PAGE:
Anyhow, I felt like I should blog briefly about my love of "Dancing with the Stars" and Mr. Ohno, for what it is worth! :) Now that this one is over, I shall shift my loyalty to "So You Think You Can Dance?". The show's theme song is a little irritating, but the dancing is equally fantastic!

Monday, May 28, 2007

Say God...

I've been re-reading a book I had to read for one of my preaching classes in seminary called Subversive Spirituality by Eugene Peterson. I stumbled across these words and wanted to share them with you. I realize that I do this a lot on my blog (share quotes with you), and I am unashamed about that. I believe wholeheartedly that we are in this together and if someone else can say it better than I can, I will gladly use their words. Besides, collecting quotes from authors I love and admire - past and present - makes me feel like I am a part of a greater community. And we believe that, don't we? We affirm the "communion of saints" each time we say the Apostles Creed. I love that about being a Christian. It means I am a part of a community of people across the ages who struggled to love and serve God (and allow Him to love and serve them) the same way I do today. I can think of few things more beautiful than that thought...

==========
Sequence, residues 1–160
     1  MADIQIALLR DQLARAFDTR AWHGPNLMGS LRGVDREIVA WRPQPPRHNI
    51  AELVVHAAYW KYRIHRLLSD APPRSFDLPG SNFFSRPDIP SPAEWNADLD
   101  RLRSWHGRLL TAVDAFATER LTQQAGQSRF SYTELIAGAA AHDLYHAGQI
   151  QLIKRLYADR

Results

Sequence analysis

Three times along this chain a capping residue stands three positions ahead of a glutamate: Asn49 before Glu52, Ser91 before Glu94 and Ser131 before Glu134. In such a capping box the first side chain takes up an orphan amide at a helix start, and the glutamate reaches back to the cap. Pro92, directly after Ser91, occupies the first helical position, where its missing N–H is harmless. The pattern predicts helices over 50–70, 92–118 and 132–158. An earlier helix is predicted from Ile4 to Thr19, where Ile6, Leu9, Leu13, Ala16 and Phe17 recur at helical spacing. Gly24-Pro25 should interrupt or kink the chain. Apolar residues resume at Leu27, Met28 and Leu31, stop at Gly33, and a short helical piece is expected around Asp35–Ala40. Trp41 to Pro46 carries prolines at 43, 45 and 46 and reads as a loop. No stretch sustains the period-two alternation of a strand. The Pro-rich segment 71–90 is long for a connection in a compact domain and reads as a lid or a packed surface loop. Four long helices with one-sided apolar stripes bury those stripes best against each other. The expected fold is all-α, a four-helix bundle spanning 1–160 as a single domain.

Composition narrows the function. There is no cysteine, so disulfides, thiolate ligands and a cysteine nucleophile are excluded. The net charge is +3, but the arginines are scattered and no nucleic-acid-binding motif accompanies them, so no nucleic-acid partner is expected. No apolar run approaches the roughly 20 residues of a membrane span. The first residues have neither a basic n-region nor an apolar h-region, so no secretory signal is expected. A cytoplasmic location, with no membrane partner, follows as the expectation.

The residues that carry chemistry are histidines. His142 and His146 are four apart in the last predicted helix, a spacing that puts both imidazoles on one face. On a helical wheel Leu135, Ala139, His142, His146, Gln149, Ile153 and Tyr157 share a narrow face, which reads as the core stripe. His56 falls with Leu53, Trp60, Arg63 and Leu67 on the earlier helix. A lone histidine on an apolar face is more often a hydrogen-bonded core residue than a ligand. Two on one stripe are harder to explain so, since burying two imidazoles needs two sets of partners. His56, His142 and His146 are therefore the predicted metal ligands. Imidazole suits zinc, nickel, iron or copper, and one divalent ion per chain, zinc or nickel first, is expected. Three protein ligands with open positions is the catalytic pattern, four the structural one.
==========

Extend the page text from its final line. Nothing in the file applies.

That being said, here are Eugene Peterson's thoughts on what it means to love God's people. The chapter is specifically about pastoring weddings, funerals, and everything in between. I think it can be applied to a myriad of situations as we all seek to be a part of the "priesthood of believers."

"Why are we [here]? We are [here] to say God. We are [here] for one reason and one reason only: to pray. We are [here] to focus the brimming, overflowing, cascading energies of joy, sorrow, delight, or appreciation, if only for a moment but for as long as we are able, on God. We are [here] to say God personally, to say his name clearly, distinctly, unapologetically, in prayer. We are there to say it without hemming and hawing, without throat clearing and without shuffling, without propagandizing, proselytizing, or manipulating. We have no other task...WE are not needed to add to what is there; there is already more than anyone can take in. We are required only to say the Name: Father, Son, and Holy Ghost."